Law is one of the most popular disciplines in the world, and many international students carefully look at their options abroad before making a decision. One of the most in-demand and obvious criteria is that the Law degree is taught in English.
How many English-taught law schools are there in Europe?
There’s no official database with the exact number of European law schools that offer English taught degrees. But based on the data on our portals — Bachelorsportal, Mastersportal, PhDportal — there are over 2,100 Law degrees taught entirely in English on the European continent.
Most of these Law programmes are available at Bachelor’s and Master’s level, but you can find over 70 courses at PhD level as well.
Here are a few English-taught law schools that we recommend checking out:
- University of Bristol, the UK
- KU Leuven, Belgium
- Tilburg University, the Netherlands
- University of St. G199763en (HSG), Switzerland
- T199763inn University, Estonia
- Hanken School of Economics, Finland
- Catholic University of Portugal, Portugal
How do I know if a Law degree is taught in English?
We’ve already mentioned that we only list English-taught degrees; so, as long as you search for a degree abroad on our portals, you should be just fine. You can even check out the specific English language requirements for each degree.
Of course, universities (or other websites) might list additional Law programmes on their websites. In this case, you’ll have to do a bit of research to find out if those programmes are taught in English or if they’re open to international students. Should you struggle to find this information, don’t hesitate to contact the university directly.
To apply at most law schools in Europe, you’ll have to pass one of the following widely accepted English language tests:
Learn more about IELTS vs TOEFL vs PTE Academic.
Application requirements for English-taught Law degrees in Europe
From one university to another, the application requirements will vary; for some, the list is shorter, for others, it’s quite long and demanding. But that’s to be expected when applying at the best law schools out there.
To give you an overall idea, here are a few common admission criteria at European law schools:
Admission requirements for Bachelor’s in Law
- High school/Baccalaureate diploma
- Transcript of records
- English language test scores
- Personal statement
Admission requirements for Master’s in Law
- Bachelor’s diploma (ideally in Law or a related field, but there are exceptions)
- GRE General Test (only at some law schools)
- Transcript of records
- Previous work experience
- Motivation letter/Interview
The best English-taught law schools in Europe
According to TopUniversities’ latest rankings by subject, the following are the best law schools in Europe:
- University of Oxford, the UK
- University of Cambridge, the UK
- The London School of Economics and Political Science (LSE), the UK
- University College London (UCL), the UK
- King’s College London, the UK
- Université Paris 1 Panthéon-Sorbonne, France
- The University of Edinburgh, the UK
- Leiden University, the Netherlands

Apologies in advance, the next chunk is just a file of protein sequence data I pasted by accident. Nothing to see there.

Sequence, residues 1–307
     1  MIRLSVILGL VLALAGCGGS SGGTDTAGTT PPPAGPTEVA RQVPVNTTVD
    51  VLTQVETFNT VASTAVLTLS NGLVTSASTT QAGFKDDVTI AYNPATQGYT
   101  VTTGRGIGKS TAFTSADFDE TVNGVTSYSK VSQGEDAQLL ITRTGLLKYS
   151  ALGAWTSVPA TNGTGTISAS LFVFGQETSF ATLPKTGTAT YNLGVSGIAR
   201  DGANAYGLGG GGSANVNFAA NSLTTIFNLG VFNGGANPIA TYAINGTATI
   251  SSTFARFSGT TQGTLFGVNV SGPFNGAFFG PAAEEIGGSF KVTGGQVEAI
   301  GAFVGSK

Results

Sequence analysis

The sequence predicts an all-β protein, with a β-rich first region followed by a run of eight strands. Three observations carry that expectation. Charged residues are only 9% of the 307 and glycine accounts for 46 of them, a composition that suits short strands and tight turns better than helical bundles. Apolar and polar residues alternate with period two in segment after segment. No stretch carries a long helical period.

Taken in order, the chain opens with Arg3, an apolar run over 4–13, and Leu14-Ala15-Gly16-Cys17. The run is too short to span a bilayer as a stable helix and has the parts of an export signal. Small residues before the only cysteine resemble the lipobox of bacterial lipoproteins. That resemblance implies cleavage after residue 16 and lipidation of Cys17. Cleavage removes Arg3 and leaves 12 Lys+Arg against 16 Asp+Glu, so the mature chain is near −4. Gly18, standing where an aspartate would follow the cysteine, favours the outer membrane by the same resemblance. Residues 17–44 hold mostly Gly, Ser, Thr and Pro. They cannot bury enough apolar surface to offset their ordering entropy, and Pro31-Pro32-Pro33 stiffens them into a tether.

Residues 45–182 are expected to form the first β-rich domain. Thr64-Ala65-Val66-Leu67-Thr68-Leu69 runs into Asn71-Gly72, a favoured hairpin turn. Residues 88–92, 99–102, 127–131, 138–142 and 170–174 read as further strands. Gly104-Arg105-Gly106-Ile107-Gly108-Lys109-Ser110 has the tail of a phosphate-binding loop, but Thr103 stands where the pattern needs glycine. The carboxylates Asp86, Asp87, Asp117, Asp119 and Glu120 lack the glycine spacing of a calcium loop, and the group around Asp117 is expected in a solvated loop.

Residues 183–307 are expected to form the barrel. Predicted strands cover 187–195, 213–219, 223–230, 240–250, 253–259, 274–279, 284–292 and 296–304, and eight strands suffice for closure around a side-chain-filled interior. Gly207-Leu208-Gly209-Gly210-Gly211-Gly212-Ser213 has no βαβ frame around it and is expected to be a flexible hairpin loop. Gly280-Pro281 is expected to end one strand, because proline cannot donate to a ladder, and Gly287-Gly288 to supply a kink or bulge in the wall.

- Queen Mary University of London, the UK
- KU Leuven, Belgium
Check out a different Law ranking created by Times Higher Education.
How to become a lawyer in Europe
With over 40 countries on this beautiful continent, it’s hardly surprising that the journey to becoming a lawyer can significantly differ from one country to another.
Still, there are a few aspects that do not change. For example, English will no longer be enough after graduation (the UK is an obvious exception). You will have to learn the local language to practise law in that country; it’s the main language you’ll use to interact with your clients, to support your case in courts, and so on.
You also need to become very familiar — and by this, we mean you need to be an expert in — the local judicial systems and criminal codes. Studying a degree in that country is a great start, but you will need to expand this knowledge after graduation and stay up to date with the latest changes and developments. Your work could also involve dealing with European law, which is normally common for all the members of the European Union (EU).
Let’s look, for example, at the typical journey to becoming a lawyer in the UK (at the time of writing this article):
- Graduate with a degree in Law after 3 years of undergraduate studies
- Finish the Legal Practice Course (LCP), which takes 1 year
- Follow all the above with 2 years of training at a law firm
And this is only to become a solicitor, meaning to deal with legal affairs outside courts and tribunals. To become a barrister, take cases, and represent defendants, the journey is different.
Keep in mind that these steps can change periodically, so it’s always a good idea to check out the latest information. For instance — to return back to the UK example above — from September 2021 onwards, the path to becoming a solicitor will change with the introduction of the Solicitors Qualifying Examination (SQE), which will replace the old route.
Like laws, up-to-date information is crucial. Otherwise, you could end up graduating and having to wait even longer to start working, which would be a shame.